In comparison, tokamaks require the plasma to carry a current, which is most commonly achieved by one, large magnet in the centre: the central solenoid. In many cases, this is a limitation that forces tokamaks to be pulsed machines, requiring regular stops and starts. For fusion research to this point, the limitations of short pulses (<1 minute) hasn't stopped developments, but in the future, continuous operation will be much more valuable. Regularly stopping and starting powerful machinery is a good way to break it quickly!

The initial trouble of designing stellarators without powerful computers and the good results from tokamaks led to the majority of effort being placed on tokamaks. Now, stellarators (like Wendelstein 7-X) are seeing a resurgence as the design of large, complex reactors has become possible thanks to significant increases in computational power.
And now to talk about Laser Fusion! This is a form of Inertial Confinement Fusion (ICF) and fuses hydrogen pellets by imploding them on all sides using really powerful lasers (really cool, all around). The American National Ignition Facility (NIF) excels at this.

NIF recently announced they had reached an important milestone never before seen: they achieved breakeven conditions during a controlled reaction. The main goal of ITER is to reach breakeven conditions in an MCF device, so one thing is definitely clear: this is a monumental achievement.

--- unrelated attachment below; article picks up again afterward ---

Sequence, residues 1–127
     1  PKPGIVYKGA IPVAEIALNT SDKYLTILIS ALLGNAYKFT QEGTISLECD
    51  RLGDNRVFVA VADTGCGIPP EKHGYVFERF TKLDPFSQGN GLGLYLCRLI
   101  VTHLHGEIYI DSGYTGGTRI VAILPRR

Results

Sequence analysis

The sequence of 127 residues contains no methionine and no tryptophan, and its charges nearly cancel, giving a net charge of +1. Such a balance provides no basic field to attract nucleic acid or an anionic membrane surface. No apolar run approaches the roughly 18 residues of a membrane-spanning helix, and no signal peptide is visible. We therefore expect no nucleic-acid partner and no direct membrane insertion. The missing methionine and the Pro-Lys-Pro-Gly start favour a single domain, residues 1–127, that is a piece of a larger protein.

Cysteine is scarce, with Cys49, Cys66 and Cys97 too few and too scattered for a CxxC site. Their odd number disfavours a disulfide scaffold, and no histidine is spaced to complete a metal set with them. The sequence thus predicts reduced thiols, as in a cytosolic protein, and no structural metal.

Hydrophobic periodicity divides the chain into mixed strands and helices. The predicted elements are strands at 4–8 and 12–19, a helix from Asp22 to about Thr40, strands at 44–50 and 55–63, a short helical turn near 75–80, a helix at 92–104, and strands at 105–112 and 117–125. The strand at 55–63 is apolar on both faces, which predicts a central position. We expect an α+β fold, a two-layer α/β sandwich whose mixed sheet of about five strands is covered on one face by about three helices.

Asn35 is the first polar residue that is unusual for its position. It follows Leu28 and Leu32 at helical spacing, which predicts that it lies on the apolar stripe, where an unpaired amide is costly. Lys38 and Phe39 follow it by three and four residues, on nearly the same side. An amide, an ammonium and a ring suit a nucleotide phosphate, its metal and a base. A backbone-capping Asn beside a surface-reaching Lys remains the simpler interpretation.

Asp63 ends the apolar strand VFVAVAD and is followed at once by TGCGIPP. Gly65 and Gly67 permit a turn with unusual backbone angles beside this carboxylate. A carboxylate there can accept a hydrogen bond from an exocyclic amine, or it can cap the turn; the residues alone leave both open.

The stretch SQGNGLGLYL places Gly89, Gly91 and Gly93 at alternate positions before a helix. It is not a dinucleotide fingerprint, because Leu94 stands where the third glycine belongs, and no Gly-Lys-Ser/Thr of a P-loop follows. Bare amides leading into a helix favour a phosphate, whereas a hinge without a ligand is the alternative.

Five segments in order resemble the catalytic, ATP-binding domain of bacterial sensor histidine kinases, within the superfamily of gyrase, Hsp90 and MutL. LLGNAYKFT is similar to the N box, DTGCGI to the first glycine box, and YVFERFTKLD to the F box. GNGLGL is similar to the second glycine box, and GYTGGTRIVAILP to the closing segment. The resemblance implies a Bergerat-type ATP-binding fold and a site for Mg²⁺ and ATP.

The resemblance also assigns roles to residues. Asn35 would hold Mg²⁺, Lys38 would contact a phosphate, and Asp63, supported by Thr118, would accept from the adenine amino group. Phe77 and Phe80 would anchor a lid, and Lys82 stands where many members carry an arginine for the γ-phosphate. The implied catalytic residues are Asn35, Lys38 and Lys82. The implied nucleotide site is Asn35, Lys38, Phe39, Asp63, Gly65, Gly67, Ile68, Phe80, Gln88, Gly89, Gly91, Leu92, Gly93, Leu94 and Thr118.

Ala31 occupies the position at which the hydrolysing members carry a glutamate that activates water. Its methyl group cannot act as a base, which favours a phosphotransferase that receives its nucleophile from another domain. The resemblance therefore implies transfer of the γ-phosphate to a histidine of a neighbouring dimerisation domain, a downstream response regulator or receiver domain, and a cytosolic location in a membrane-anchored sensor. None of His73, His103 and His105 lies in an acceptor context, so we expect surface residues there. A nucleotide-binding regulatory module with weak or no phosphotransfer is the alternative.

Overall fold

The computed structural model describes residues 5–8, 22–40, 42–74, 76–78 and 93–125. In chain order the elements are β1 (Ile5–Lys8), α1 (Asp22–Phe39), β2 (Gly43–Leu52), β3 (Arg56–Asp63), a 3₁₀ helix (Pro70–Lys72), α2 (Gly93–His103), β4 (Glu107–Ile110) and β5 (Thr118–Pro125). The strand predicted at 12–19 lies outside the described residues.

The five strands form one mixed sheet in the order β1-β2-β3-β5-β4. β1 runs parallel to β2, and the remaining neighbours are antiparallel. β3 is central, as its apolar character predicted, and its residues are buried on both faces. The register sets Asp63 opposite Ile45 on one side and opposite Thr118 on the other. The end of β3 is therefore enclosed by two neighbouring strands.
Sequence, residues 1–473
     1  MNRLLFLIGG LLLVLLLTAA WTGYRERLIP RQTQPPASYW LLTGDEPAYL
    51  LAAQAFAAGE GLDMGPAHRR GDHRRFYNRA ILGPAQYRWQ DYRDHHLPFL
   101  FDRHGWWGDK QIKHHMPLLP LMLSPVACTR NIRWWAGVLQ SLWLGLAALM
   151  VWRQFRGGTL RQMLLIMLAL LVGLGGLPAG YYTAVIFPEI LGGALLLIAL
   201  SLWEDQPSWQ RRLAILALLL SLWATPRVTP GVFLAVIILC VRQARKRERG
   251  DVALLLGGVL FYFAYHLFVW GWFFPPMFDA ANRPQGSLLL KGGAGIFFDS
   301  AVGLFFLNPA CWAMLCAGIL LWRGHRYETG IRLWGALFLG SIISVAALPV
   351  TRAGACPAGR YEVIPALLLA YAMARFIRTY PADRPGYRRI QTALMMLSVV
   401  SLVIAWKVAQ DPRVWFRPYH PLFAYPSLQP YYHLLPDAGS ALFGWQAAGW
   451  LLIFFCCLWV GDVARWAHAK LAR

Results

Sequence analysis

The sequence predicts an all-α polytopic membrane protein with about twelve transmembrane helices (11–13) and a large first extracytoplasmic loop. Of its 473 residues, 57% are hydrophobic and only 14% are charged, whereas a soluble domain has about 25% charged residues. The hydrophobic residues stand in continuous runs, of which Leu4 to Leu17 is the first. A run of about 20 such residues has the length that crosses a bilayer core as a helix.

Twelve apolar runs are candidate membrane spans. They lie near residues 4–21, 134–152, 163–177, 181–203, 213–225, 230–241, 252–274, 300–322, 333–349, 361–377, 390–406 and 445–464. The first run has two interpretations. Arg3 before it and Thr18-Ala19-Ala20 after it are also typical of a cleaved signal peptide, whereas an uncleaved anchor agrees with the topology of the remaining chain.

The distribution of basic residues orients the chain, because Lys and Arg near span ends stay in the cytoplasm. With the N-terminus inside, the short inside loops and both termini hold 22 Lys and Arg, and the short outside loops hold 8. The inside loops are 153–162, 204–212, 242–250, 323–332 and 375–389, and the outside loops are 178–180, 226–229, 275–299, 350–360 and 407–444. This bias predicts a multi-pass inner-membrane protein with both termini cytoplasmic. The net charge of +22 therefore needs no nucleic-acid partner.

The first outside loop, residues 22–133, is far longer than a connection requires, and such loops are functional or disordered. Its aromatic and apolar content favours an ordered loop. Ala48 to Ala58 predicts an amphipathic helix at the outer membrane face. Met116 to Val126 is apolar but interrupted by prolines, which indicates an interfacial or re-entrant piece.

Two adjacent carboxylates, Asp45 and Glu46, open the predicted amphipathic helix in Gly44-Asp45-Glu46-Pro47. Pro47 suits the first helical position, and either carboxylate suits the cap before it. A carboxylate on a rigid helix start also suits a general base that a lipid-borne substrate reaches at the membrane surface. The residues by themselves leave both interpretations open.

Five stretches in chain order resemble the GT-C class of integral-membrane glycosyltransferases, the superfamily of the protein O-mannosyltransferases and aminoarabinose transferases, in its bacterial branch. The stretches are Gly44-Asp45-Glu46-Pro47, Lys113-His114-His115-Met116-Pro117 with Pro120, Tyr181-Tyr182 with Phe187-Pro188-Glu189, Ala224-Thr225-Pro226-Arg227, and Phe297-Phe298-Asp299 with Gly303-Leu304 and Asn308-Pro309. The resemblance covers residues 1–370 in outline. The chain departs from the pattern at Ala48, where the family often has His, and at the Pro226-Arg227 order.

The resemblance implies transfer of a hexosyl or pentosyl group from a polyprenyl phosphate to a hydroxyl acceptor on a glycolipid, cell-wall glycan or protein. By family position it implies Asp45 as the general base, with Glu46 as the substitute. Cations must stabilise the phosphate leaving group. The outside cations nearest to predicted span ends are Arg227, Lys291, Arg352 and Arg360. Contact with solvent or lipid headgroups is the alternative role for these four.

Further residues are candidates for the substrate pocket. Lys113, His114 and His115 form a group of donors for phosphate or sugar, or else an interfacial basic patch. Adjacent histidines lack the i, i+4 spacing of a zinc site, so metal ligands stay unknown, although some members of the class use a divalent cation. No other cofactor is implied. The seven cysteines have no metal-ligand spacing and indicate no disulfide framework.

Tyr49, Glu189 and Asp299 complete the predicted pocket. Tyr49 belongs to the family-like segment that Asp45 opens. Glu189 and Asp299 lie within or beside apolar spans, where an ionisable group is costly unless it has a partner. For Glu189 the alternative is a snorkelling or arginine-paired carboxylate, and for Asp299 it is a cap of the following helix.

What does it mean for producing a fusion power plant? Well, that's a little harder to answer. Firstly, the breakeven conditions are considering the energy absorbed by the small, hydrogen pellet, which is <1% of the total laser pulse energy. Secondly, to generate significant amounts of energy, a regular reaction rate is required, while NIF aims to have 400 pulses in the entire year. 

The road to a fusion power plant using lasers isn't a smooth one and I'm eager to see the achievements from NIF. I'm not expecting to see a laser powered fusion power plant for a similarly long time to a tokamak power plant.

Q: What about after DEMO?
DEMO is the Demonstration Power Plant, designed to prove the viability of a tokamak power plant putting Fusion electricity on the grid (see Part 1 for more details). DEMO isn't the end of the road for fusion research, in the same way that the first fission power plant wasn't the end of the road for fission research. There are advanced reactor designs that have gaps that need to be filled in by ITER and DEMO, such as radiation tolerant materials.

One area that I'm very excited about is the design of so-called hybrid reactors. These reactors find a harmony between fusion and fission, to make a fusion reactor that can get rid of waste from and make new fuel for fission reactors, while reducing the complexity and difficulty involved in making a fusion reactor. Designs of these types of reactors can't be properly evaluated and developed for manufacture until a fusion reactor is up and running, so that they can be demonstrated to be safe to a regulatory body. Hybrid reactors are not a focus for UKAEA, or in the UK in general, but are being seriously investigated in other countries.

Next Time
Questions from readers!